February 17 2020

January 25 2020

January 19 2020

January 10 2020

Armchair Nation by Joe Moran Ade gave 5 stars to Armchair Nation: An intimate history of Britain in front of the TV (Paperback) by Joe Moran
I really enjoyed Moran's On Roads: A Hidden History. This was even better. The chapters covering the early days of television transmissions were a particular highlight. Incredible to look back on how much ground we've covered in barely a hundred years, both technologically and culturally. Moran's knack for finding a telling or otherwise delightful anecdote is unsurpassed.

January 07 2020

Armchair Nation by Joe Moran Ade is on page 319 of 320 of <a href="/book/show/25509949-armchair-nation">Armchair Nation</a>.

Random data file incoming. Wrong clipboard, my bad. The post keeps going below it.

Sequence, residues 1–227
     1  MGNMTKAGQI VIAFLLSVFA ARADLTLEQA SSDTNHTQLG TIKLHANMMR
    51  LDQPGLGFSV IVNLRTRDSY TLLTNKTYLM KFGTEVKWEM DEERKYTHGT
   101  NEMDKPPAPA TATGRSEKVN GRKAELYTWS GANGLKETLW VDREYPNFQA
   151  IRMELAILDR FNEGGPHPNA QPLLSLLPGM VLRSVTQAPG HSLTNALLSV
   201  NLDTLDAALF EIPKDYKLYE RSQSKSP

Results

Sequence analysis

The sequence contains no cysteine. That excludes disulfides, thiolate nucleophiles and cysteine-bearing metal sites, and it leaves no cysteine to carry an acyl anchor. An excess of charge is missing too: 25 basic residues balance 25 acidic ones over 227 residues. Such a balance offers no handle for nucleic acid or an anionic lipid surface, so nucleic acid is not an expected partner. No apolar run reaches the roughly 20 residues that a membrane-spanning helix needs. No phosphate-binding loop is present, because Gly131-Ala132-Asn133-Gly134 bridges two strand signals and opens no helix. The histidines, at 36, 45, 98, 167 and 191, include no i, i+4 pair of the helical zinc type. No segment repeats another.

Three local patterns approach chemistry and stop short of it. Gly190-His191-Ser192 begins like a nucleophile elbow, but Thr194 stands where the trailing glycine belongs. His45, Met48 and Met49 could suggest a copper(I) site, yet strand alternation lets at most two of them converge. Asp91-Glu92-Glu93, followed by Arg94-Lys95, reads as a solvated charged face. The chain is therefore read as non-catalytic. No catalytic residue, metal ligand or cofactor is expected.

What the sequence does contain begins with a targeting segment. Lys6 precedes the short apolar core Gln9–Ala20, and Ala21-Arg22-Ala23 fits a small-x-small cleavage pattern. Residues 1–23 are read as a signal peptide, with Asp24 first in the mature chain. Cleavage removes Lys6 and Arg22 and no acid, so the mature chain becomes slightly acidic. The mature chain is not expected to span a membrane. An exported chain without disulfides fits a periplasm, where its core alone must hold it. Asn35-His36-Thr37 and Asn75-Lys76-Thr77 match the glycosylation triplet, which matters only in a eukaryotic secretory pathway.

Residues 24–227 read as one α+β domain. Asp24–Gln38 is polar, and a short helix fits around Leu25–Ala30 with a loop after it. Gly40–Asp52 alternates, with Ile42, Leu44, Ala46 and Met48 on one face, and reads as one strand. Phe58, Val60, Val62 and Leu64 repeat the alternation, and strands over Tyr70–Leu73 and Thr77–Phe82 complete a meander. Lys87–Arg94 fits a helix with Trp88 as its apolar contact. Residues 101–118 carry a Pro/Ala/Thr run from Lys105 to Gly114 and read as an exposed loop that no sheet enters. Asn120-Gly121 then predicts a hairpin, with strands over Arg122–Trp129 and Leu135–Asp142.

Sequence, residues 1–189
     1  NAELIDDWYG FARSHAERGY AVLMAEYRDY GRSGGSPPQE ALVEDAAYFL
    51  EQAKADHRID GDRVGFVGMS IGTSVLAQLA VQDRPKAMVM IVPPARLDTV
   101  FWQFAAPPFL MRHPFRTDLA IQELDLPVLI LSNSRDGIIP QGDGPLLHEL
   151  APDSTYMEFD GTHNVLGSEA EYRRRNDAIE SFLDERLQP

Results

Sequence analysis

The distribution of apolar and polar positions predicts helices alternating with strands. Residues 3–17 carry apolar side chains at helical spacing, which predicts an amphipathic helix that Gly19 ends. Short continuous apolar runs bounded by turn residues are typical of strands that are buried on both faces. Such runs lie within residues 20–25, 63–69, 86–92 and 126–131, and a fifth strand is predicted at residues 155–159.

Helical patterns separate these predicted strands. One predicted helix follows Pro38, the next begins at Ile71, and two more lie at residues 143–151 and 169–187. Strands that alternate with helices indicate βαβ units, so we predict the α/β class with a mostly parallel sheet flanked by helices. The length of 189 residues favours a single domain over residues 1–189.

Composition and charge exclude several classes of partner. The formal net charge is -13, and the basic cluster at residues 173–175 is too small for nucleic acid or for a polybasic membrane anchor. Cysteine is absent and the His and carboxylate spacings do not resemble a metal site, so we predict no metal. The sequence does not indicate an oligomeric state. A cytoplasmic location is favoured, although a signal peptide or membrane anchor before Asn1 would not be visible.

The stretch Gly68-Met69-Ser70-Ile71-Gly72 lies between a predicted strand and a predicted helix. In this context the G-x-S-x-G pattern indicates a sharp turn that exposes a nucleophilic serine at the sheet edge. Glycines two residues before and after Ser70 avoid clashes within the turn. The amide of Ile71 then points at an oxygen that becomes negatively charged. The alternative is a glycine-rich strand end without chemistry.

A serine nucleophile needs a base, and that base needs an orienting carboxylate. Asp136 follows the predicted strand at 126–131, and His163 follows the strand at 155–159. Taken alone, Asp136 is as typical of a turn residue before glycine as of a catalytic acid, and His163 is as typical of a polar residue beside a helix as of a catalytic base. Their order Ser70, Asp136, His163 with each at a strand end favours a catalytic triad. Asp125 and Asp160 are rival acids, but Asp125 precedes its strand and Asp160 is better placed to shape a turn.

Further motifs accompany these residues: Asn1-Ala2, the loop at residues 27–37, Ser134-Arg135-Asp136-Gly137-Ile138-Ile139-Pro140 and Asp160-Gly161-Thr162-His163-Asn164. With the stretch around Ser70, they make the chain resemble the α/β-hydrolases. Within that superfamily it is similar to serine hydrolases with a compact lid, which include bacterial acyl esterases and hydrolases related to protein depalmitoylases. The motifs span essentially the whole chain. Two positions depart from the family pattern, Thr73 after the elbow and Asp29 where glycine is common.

Ade wrote: Just remarkable to consider some of the everyday commonplaces now consigned to the past, and television is often a clearer indicator of these than most. The passing fads for cookery shows, makeover shows, docusoaps, reality TV, 'daytime telly', 'late nite telly', etc. - all now had their day and, insofar as they still exist as genres, mostly unnoticed.
Armchair Nation by Joe Moran Ade is finished with <a href="/book/show/25509949-armchair-nation">Armchair Nation</a>.
Ade wrote: Just remarkable to consider some of the everyday commonplaces now consigned to the past, and television is often a clearer indicator of these than most. The passing fads for cookery shows, makeover shows, docusoaps, reality TV, 'daytime telly', 'late nite telly', etc. - all now had their day and, insofar as they still exist as genres, mostly unnoticed.

January 04 2020